Eli Manning proves that NFL teams can win with a league average quarterback.

The New York football Giants finished with a 6-10 record in the weak NFC East in 2015 and have not reached the playoffs since 2011. What, did you expect Eli Manning to lead them there? After all, he has been merely a league-average quarterback throughout his entire regular season career despite having his best statistical season in 2015.

This is kind of my point here, though, that you can have a great season by an individual and still not succeed as a team. The Giants’ defense was atrocious last season, allowing over 6500 yards from scrimmage. Sure, Eli and the O-line held their own last season, but this is not a team that can rely on Eli to get them over the hump, even if he was slightly above-average for the season.

I know, I know. Eli Manning could punch me in the face, even if that is Justin Tuck’s job, and it would leave two Super Bowl ring impressions on my forehead. Good for him. Eli Manning has had great teams surrounding him and, more importantly, great offensive lines that have protected him from making even more mistakes and, likely from being a below league-average quarterback. I said it!

Eli Manning has led the NFL interceptions thrown three times, each time throwing at least 20. He has totaled 199 interceptions thrown in his career and he has fumbled 98 additional times, and he has had one of the best offensive lines in the game throughout his career, posting a sack rate that has been 12% than the league-average for his career.

Eli Manning apologists are likely yelling at me through their computer screens saying “he throws picks because he has to throw so many times, moron!” While Eli Manning does throw the ball a lot, it’s not just his raw interception total that is alarming, it’s his interception percentage which is 5% worse than the league average for his career!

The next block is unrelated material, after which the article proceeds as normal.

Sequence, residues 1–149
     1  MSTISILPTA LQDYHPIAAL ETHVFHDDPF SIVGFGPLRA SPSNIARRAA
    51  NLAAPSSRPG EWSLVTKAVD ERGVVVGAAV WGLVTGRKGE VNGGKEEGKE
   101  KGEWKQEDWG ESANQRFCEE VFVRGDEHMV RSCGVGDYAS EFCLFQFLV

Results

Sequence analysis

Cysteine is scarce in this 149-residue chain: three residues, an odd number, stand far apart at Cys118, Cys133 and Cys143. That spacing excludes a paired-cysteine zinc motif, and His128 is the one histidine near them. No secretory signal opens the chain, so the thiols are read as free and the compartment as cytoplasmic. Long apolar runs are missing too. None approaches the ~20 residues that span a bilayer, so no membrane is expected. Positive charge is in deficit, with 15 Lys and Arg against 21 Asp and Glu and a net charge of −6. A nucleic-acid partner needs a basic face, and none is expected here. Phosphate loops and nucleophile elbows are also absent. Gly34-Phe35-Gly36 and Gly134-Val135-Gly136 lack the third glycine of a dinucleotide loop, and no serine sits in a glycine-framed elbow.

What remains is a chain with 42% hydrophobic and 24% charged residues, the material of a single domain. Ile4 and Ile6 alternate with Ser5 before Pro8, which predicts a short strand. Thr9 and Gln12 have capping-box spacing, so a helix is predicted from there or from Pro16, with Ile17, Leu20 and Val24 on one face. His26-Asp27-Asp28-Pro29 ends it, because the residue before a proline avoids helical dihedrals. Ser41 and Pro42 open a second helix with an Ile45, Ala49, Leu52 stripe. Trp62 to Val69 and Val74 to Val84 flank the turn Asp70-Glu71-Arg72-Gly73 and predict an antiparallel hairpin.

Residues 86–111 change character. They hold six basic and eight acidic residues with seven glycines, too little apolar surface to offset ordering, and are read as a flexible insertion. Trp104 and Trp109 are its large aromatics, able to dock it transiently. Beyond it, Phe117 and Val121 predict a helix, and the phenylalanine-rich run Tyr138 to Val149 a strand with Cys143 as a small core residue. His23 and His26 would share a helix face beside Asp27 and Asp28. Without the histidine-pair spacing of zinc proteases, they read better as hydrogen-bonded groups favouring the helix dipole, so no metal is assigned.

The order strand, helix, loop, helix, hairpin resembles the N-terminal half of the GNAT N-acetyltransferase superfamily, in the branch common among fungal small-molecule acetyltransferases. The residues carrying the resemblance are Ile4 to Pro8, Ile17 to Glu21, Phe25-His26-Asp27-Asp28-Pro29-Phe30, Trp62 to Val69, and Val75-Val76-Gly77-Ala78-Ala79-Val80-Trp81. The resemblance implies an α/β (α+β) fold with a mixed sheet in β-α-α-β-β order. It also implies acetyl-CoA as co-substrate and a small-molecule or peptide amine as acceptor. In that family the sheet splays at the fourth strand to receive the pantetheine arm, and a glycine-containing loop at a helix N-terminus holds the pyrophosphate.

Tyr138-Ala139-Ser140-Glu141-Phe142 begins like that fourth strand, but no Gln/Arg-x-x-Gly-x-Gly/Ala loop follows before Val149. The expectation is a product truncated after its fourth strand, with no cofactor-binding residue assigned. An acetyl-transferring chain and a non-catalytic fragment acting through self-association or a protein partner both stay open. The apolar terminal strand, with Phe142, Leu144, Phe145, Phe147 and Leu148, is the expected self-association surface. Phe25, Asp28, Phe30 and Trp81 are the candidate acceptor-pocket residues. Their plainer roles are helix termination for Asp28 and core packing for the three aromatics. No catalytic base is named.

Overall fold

It’s not the just Eli Manning’s ability to throw the ball to the other team that proves he is a merely a league-average quarterback but it’s the fact that he has a hard time getting the ball into his receiver’s hands. Eli Manning owns a career 59.3% completion percentage, which, at first glance, looks decent. Heck, it’s better than some Hall-of-Fame quarterbacks. But, we have to remember, this is a different game. That 59.3% completion percentage during Eli Manning’s tenure in the NFL is 6% worse than the league average! And Eli Manning owns a career quarterback rating that is 1% below the league average.

The only statistic that keeps me from labeling Eli Manning as a truly below-average quarterback is his touchdown percentage which is 6% above the league average for his career. Yes, some of his risk-taking does produce positive outcomes. Just do a YouTube search of “David Tyree catchor “Odell Beckham Jr.to see proof of it. Take a look at Eli Manning vs the League Average during his career:

Eli vs His Peers

There is one more bright spot for Eli Manning but it might actually support that his supporting cast has been the star of the team, not him. Eli Manning has been sacked 12% less than the league average since he has been in the NFL. In fact, 2013 was the only year in his career he has been sacked more than the league average and you see what his numbers were like that year, right?

Here are his year-by-year stats using “+” stats that compare numbers to the league average (100 is league average and every figure above and below is the percentage above and below league average the stat is):

Year

Cmp%+

TD%+

Int%+

Sack%+

Rate+

63

88

76

103

68

77

103

102

112

93

91

107

95

112

95

84

104

88

108

89

2008*

97

103

113

105

104

105

115

103

103

112

107

117

77

125

102

2011*

101

107

102

114

111

2012*

97

106

99

125

102

84

87

60

98

77

103

106

104

115

105

2015*

99

113

103

115

106

Career

94

106

94

112

99

The proof is in the numbers. Eli Manning is merely a league-average quarterback and I might not argue if you were to say he was slightly below that. Hey, being league-average is nothing to sneeze at. After all, it’s the best league in the world and, with a good run game, o-line, and good defense, a league-average quarterback can sport two Super Bowl rings.

The Giants are not dumb. They know the formula. It is why they spent a kabillion dollars to bring in Olivier Vernon, Janoris Jenkins, Damon Harrison, and Keenan Robinson rather than throwing more money at “weapons” for the offense.

A good defense that shortens the field for your offense goes a long way. Just ask the 2015 Carolina Panthers and any team that faced the New York Giants during Eli Manning’s career.

With an improved defense, a great o-line, the addition of Sterling Shepard, a league-average quarterback, and a weak NFC East, the Giants have a legitimate shot at a playoff birth for the first time since 2011.

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